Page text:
Discussables: Class and rank, social justice, hypocrisy, role of law and lawmakers, family, marriage, effects of war on a nation, role of the affluent in helping the poor

4. The Kitchen House by Kathleen Grissom 
1790s Virginia. Slavery. Confusion about race relations and status. Servant-to-employer connections, some positive and some negative. Colonial women with rightful confusion about their place in society.
Discussables: The plight of many slaves in colonial America, class and rank, racial prejudice in colonial times, relationships between slaves and masters, ill-treatment of women (both slaves and free) in the 1700s, marriage expectations for women in the 1700s

5. The Boys in the Boat by Daniel James Brown 
The story behind the victory of the nine-man American rowing team at the 1936 Berlin Olympics. The Great Depression. Nazi propaganda. Ultimate underdog story. 
Discussables: How much did you know about competitive rowing before reading? What surprised you? What would it have been like to fend for yourself like Joe in the middle of the Great Depression? The friendships between the team members are strong and inspiring – how did it affect you as you read? How did you feel reading the accounts of the boat races?

Photo Credits: A Happy Little Family Blog, BookFifty on Instagram

6. The Nightingale by Kristin Hannah 
1940s France. Nazi occupation. Two sisters in unimaginable situations. Secret French Resistance movement. Harsh look at World War II brutalities. 
Discussables: Where did the sisters make the right and wrong decisions? What would you have done in their shoes? Are there ever easy choices for them? What was the worst situation? Do you identify more with Vianne or Isabelle? What do you make of their relationship with their father?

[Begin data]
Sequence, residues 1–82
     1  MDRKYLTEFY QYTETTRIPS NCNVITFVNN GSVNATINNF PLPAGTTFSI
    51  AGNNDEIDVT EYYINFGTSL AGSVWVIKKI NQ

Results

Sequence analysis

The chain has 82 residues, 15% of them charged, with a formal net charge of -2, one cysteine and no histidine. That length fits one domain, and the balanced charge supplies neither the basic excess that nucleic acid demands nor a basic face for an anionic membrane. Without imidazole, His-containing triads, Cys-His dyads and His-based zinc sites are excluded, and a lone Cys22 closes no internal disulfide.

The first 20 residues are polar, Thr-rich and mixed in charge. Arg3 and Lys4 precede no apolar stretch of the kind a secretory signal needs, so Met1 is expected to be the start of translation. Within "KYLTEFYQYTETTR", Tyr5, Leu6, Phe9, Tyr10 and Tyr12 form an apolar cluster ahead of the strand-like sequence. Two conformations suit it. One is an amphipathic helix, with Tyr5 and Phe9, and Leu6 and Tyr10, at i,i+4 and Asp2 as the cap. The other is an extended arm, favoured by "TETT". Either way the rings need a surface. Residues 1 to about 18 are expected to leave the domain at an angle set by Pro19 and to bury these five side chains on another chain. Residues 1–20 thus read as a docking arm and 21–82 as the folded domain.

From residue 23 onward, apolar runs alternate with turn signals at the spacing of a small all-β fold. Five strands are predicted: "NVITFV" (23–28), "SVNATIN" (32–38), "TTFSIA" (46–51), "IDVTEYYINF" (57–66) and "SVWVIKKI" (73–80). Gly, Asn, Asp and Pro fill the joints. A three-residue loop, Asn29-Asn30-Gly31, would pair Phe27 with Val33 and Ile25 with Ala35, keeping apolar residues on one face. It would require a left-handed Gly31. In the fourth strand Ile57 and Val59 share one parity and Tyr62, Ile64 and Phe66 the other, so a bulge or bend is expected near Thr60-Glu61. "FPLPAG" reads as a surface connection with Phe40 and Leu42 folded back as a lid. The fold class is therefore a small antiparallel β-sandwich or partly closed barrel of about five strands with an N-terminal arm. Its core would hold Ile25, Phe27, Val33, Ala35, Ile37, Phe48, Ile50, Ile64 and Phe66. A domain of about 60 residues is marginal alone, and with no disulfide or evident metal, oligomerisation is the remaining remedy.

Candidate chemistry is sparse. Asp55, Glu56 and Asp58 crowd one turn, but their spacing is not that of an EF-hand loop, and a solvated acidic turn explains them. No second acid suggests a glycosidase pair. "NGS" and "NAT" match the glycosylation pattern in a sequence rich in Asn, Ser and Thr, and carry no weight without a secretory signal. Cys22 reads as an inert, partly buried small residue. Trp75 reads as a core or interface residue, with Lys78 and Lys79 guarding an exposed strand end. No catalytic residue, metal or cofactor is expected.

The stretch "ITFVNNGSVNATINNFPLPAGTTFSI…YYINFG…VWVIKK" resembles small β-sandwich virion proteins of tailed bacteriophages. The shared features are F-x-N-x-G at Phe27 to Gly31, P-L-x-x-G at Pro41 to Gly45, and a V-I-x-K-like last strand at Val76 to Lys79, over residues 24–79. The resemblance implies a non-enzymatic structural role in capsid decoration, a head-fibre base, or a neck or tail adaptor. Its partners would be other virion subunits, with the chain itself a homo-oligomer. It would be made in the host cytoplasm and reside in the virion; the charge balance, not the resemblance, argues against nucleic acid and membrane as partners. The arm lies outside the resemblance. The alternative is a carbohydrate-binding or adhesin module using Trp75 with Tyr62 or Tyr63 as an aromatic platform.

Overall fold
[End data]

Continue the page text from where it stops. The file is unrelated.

7. The Help by Kathryn Stockett 
1960s Mississippi. Civil Rights Movement. Dangerous but rewarding friendship between races at the time. 
Discussables: Civil Rights Movement, history of race relations in America, female friendship, unlikely friendships 

8. A Thousand Splendid Suns by Khaled Hosseini
1960s-1990s Afghanistan. Multi-generational scope. Mistreated women. Rise of the Taliban. Unlikely friendship for survival’s sake. 
Discussables: Middle Eastern perception of women, whether the women in the story made right choices in various difficult situations, our role as America in defending innocents in the Middle East

9. Me Before You by Jojo Moyes 
Quadriplegia. Loss. Identity questions. Unexpected friendship and love. Controversial ethical questions. 
Discussables: What do you make of Will and Louisa’s connection and how did it change as the story progressed? How did you react when the controversial plot element was introduced? How did you feel with the resolution? Who was in the right and who was in the wrong at the end? Did you sympathize more with Will or Louisa? 

10. Lizzy and Jane by Katherine Reay 
Sister relationships. Cancer. Family. Food and literature. Marriage and parenting. Processing grief and tragedy. Guilt and forgiveness. 
Discussables: How are Lizzy and Jane both at fault for their difficult relationship? What do you make of their relationship with their dad? How do they help and hurt one another? Who are the steadying, calming figures in the story? When did you think the sisters were making progress and then were surprised by another difficult twist?


What books would YOU choose for a book club and why? What types of books have you found work particularly well in discussions?